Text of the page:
Islamic Fashion and a woman, who’s breaking stereotypes

What can be hidden behind the hijab? A taboo topic for everyone, although the most  secret life of women in the Muslim world is least evident in fashion. Fashion means public self-expression that time leaves to itself. It invigorates, changes, or even reverses. It is a fact. Fashion is an unlimited part of the world, and this dependence on it brings us anxiety and pleasure, although, as Coco Chanel said, fashion is ubiquitous. A sense of style, even forever. As impressive as the Muslim art of fashion hiding behind a veil sounds, it has taught an essential lesson to the modern world.

Islamic Fashion

A style inspired by religion

Religion has repeatedly become a source of inspiration for fashion designers or fashion shows. In 2018, the Metropolitan Museum of Art hosted a fashion show inspired by the Catholic spirit and named it Celestial Bodies: Catholic Imagination.

In the same year, in San Francisco, the main show was devoted to Islamic fashion. Over the years, the Islamic style observations show that it breaks stereotypes and accepts the modern bohemian world’s challenges.

Contrasting apparent simplicity

Some references are made to the importance of modest dress in religious doctrine, although it seems that fashion adherents do not devote much time to discussing ethics. Modesty is perceived differently in different countries, and its contours shape the future of fashion in different ways.


In Iran, the appearance of hair and skin is punishable by law, and the police harass women who generally do not dress modestly. Even in this state, women wear a distinctive clothing style, from fluffy jeans and T-shirts to a suitably bohemian style.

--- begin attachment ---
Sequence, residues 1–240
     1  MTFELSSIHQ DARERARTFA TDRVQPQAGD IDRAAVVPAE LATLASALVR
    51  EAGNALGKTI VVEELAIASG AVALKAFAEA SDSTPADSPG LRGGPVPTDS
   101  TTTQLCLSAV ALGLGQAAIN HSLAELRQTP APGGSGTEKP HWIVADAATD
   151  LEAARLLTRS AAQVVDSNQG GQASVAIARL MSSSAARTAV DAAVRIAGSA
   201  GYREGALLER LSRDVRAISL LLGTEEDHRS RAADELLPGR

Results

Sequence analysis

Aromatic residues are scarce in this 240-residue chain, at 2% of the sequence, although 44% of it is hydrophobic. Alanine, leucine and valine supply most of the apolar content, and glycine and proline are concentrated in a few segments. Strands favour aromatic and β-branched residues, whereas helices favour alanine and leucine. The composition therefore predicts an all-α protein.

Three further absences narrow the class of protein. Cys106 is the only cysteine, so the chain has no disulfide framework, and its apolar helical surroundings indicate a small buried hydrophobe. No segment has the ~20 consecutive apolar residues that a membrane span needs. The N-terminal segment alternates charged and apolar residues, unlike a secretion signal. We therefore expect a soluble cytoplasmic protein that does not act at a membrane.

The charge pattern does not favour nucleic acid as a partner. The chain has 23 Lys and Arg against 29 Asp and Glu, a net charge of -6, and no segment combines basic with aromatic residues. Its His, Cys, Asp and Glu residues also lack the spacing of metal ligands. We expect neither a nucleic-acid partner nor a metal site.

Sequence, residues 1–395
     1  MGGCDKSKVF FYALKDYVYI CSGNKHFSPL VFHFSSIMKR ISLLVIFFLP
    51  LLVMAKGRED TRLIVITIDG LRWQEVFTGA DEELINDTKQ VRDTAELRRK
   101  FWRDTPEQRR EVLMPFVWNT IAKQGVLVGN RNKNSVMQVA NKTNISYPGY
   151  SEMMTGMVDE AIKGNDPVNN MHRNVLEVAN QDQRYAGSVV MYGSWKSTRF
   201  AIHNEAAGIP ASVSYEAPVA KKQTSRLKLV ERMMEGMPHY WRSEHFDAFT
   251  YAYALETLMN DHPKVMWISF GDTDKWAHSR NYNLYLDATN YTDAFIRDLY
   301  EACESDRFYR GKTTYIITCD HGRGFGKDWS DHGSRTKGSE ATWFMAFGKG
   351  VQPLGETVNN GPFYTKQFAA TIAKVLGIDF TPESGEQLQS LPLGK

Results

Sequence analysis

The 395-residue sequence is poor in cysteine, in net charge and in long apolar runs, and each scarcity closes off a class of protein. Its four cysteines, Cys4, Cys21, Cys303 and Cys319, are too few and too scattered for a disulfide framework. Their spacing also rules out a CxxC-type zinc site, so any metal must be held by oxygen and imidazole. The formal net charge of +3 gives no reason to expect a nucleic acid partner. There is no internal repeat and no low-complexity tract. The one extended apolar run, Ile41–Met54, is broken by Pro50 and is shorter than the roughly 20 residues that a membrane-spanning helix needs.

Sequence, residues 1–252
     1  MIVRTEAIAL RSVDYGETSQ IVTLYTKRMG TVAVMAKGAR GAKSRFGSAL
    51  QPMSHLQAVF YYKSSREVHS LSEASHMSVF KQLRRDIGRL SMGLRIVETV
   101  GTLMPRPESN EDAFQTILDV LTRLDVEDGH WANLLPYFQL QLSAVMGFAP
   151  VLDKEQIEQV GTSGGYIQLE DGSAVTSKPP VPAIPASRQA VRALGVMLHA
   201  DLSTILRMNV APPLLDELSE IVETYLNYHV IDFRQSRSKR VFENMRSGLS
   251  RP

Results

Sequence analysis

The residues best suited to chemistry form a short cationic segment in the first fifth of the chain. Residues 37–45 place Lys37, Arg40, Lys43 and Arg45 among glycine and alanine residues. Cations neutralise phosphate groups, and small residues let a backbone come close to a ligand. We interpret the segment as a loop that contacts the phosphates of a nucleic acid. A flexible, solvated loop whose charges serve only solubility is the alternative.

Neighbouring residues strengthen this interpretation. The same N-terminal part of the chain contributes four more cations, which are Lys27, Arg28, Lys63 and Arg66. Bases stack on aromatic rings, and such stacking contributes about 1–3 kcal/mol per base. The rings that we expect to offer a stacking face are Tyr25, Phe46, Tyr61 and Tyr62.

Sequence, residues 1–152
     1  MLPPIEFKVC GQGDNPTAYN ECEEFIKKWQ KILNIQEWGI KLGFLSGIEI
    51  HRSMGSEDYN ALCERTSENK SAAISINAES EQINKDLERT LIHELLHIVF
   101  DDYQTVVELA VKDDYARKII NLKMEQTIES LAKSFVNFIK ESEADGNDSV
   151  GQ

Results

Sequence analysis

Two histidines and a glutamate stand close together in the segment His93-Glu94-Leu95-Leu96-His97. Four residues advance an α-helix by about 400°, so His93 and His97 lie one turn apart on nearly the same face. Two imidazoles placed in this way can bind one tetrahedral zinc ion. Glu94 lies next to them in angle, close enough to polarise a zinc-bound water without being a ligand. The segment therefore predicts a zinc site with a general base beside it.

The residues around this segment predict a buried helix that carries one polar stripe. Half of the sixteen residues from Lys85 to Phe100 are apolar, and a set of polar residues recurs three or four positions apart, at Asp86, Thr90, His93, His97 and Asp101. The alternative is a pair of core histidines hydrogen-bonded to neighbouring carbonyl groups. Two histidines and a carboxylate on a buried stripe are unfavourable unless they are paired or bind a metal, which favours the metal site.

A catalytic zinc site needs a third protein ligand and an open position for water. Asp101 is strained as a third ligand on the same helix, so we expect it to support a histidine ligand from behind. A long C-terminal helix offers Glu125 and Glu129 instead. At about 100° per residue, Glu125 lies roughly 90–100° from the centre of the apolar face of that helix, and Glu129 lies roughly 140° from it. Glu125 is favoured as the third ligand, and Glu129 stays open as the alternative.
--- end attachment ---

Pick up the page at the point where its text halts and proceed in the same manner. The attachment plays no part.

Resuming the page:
Indonesians do not wear headscarves, even though most Muslims live here. Chiffon, fleece, national textiles are used in modern fashion.


Turkish fashion has changed since women started getting an education and working. A century ago, they began to believe that the style of a pious woman had gone out of fashion. Today modern Turkey is not different from Europe and America, and women without a headscarf wear a tight decollete.

Muslim woman’s “Loud” fashion

Modern Muslim women are not particularly vulnerable; although religion limits their dres’ ethics, they manage to maintain individualism and express independence even with a headscarf. They aren’t qualified or excluded from the rest of the world, as the majority thinks. The work environment still imposes certain cultural norms on colors and dress’ styles, although today’s young people give free rein to their imaginations.

Designers are losing traces of Islamic fashion and speaking their word even in a political direction.

An Arab Princess breaks stereotypes.

Despite their different views, Muslim models and designers leave their word in fashion and are noticed by the fashion world’s giants. Dina Abdulaziz is a rebellious princess of Saudi Arabia who stuns the world with her fabulous style. She owns numerous boutiques in Riyadh, is a happy wife and mother of three children. Dina chooses clothes for the boutique herself and has close ties with European and Asian designers.

Princess Style

She brilliantly combines modernity and Muslim culture, wears modern designer dresses, and one of Lyubutin’s shoes is named after her. Eastern exoticism and western touches merge in fantastic harmony. While the fashion world bloggers try to conquer the social space conquer the social space the Arab princess becomes the favorite subject of the world’s paparazzi.

Tastes change, fashion moves forward, often reverses, and beads removed from the past add new patterns to the future, although one thing remains the same. A woman of any religion who has a sense of style leaves an immeasurable mark on fashion, and in this respect, Islam can no longer be seen as an obstacle.

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